Toll-Like Receptor 1/2 and 5 Ligands Enhance the Expression of Cyclin D1 and D3 and Induce Proliferation in Mantle Cell Lymphoma

Katy Mastorci, Elena Muraro, Elisa Pasini, Chiara Furlan, Luca Sigalotti, Marina Cinco, Riccardo Dolcetti, Elisabetta Fratta

Research output: Contribution to journalArticle

6 Citations (Scopus)

Abstract

Mantle cell lymphoma (MCL) is an aggressive B-cell non-Hodgkin's lymphoma with a still undefined etiology. Several lines of evidence are consistent with the possible involvement of peculiar microenvironmental stimuli sustaining tumor cell growth and survival, as the activation of Toll-like receptors (TLR) 4 and 9. However, little is known about the contribution of other TLRs of pathogenic relevance in the development of MCL. This study reports evidence that MCL cell lines and primary MCL cells express different levels of TLR2 and TLR5, and that their triggering is able to further activate the Akt, MAPK, and NF-κB signaling cascades, known to be altered in MCL cells. This leads to the enhancement of cyclin D1 and D3 over-expression, occurring at post-translational level through a mechanism that likely involves the Akt/GSK-3α/β pathway. Interestingly, in primary B cells, TLR1/2 or TLR5 ligands increase protein level of cyclin D1, which is not usually expressed in normal B cells, and cyclin D3 when associated with CD40 ligand (CD40L), IL-4, and anti-human-IgM co-stimulus. Finally, the activation of TLR1/2 and TLR5 results in an increased proliferation of MCL cell lines and, in the presence of co-stimulation with CD40L, IL-4, and anti-human-IgM also of primary MCL cells and normal B lymphocytes. These effects befall together with an enhanced IL-6 production in primary cultures. Overall, our findings suggest that ligands for TLR1/2 or TLR5 may provide critical stimuli able to sustain the growth and the malignant phenotype of MCL cells. Further studies aimed at identifying the natural source of these TLR ligands and their possible pathogenic association with MCL are warranted in order to better understand MCL development, but also to define new therapeutic targets for counteracting the tumor promoting effects of lymphoma microenvironment.

Original languageEnglish
Pages (from-to)e0153823
JournalPLoS One
Volume11
Issue number4
DOIs
Publication statusPublished - 2016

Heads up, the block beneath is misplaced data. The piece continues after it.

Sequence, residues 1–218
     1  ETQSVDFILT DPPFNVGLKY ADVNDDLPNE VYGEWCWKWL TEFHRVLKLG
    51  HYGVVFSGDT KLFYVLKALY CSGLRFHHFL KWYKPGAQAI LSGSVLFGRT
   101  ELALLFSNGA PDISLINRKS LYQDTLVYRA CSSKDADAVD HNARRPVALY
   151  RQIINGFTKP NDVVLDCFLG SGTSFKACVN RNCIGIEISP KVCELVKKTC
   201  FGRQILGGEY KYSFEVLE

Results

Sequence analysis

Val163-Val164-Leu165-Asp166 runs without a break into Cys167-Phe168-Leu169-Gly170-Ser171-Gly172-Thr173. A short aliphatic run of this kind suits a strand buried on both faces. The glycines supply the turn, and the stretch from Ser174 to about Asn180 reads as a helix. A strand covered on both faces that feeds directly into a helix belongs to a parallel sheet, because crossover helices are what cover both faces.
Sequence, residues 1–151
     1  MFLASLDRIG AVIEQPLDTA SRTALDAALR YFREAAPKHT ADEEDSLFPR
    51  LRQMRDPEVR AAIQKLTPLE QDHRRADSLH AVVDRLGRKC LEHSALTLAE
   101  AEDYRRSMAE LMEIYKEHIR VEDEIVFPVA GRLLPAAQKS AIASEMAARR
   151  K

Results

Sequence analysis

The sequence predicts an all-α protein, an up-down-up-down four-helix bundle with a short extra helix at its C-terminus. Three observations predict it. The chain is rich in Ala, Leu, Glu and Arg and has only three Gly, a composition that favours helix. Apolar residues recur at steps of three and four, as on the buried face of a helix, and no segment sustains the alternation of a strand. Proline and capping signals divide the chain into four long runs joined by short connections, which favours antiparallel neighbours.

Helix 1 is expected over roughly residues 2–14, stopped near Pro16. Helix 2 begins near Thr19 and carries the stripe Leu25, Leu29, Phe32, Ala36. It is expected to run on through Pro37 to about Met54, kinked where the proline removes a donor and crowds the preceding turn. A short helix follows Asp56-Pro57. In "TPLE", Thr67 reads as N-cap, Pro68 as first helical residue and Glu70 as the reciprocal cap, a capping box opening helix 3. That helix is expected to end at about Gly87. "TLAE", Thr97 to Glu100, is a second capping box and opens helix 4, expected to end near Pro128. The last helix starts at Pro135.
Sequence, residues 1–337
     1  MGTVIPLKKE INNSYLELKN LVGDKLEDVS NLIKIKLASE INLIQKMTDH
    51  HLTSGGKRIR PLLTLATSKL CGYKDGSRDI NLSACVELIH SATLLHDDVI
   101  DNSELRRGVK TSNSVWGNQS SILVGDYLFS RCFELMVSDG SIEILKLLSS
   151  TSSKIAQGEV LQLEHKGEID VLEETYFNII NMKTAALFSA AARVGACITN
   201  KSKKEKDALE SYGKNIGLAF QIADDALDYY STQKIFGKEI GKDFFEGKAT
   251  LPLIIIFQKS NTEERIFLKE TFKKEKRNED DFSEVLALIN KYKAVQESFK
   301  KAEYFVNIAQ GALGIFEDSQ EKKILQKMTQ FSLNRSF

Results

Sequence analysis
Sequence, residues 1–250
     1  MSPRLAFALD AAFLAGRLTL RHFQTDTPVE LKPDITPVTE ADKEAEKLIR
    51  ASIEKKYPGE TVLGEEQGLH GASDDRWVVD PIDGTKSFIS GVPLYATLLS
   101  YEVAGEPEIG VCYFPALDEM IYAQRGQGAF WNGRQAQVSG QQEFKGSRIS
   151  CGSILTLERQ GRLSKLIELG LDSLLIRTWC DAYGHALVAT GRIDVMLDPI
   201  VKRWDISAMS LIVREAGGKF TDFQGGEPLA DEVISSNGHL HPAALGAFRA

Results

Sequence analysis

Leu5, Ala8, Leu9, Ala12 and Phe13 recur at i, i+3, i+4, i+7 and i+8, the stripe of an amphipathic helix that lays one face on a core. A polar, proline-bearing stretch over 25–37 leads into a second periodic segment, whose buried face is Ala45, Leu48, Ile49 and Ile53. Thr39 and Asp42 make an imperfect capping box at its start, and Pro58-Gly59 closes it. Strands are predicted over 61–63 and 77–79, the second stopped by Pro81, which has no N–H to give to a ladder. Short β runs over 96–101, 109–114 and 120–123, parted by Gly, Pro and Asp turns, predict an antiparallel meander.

Fingerprint

Toll-Like Receptor 5
Toll-Like Receptor 1
Cyclin D3
Mantle-Cell Lymphoma
Toll-Like Receptor 2
Cyclin D1
cyclins
lymphoma
Cells
Ligands
CD40 Ligand
Interleukin-4
Immunoglobulin M
cells
Tumors
Chemical activation
Toll-Like Receptor 9
Glycogen Synthase Kinase 3
B-lymphocytes
Toll-Like Receptor 4

ASJC Scopus subject areas

  • Medicine(all)
  • Biochemistry, Genetics and Molecular Biology(all)
  • Agricultural and Biological Sciences(all)

Cite this

Toll-Like Receptor 1/2 and 5 Ligands Enhance the Expression of Cyclin D1 and D3 and Induce Proliferation in Mantle Cell Lymphoma. / Mastorci, Katy; Muraro, Elena; Pasini, Elisa; Furlan, Chiara; Sigalotti, Luca; Cinco, Marina; Dolcetti, Riccardo; Fratta, Elisabetta.

In: PLoS One, Vol. 11, No. 4, 2016, p. e0153823.

Research output: Contribution to journalArticle

Mastorci, Katy ; Muraro, Elena ; Pasini, Elisa ; Furlan, Chiara ; Sigalotti, Luca ; Cinco, Marina ; Dolcetti, Riccardo ; Fratta, Elisabetta. / Toll-Like Receptor 1/2 and 5 Ligands Enhance the Expression of Cyclin D1 and D3 and Induce Proliferation in Mantle Cell Lymphoma. In: PLoS One. 2016 ; Vol. 11, No. 4. pp. e0153823.
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AU - Pasini, Elisa

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AU - Cinco, Marina

AU - Dolcetti, Riccardo

AU - Fratta, Elisabetta

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AB - Mantle cell lymphoma (MCL) is an aggressive B-cell non-Hodgkin's lymphoma with a still undefined etiology. Several lines of evidence are consistent with the possible involvement of peculiar microenvironmental stimuli sustaining tumor cell growth and survival, as the activation of Toll-like receptors (TLR) 4 and 9. However, little is known about the contribution of other TLRs of pathogenic relevance in the development of MCL. This study reports evidence that MCL cell lines and primary MCL cells express different levels of TLR2 and TLR5, and that their triggering is able to further activate the Akt, MAPK, and NF-κB signaling cascades, known to be altered in MCL cells. This leads to the enhancement of cyclin D1 and D3 over-expression, occurring at post-translational level through a mechanism that likely involves the Akt/GSK-3α/β pathway. Interestingly, in primary B cells, TLR1/2 or TLR5 ligands increase protein level of cyclin D1, which is not usually expressed in normal B cells, and cyclin D3 when associated with CD40 ligand (CD40L), IL-4, and anti-human-IgM co-stimulus. Finally, the activation of TLR1/2 and TLR5 results in an increased proliferation of MCL cell lines and, in the presence of co-stimulation with CD40L, IL-4, and anti-human-IgM also of primary MCL cells and normal B lymphocytes. These effects befall together with an enhanced IL-6 production in primary cultures. Overall, our findings suggest that ligands for TLR1/2 or TLR5 may provide critical stimuli able to sustain the growth and the malignant phenotype of MCL cells. Further studies aimed at identifying the natural source of these TLR ligands and their possible pathogenic association with MCL are warranted in order to better understand MCL development, but also to define new therapeutic targets for counteracting the tumor promoting effects of lymphoma microenvironment.

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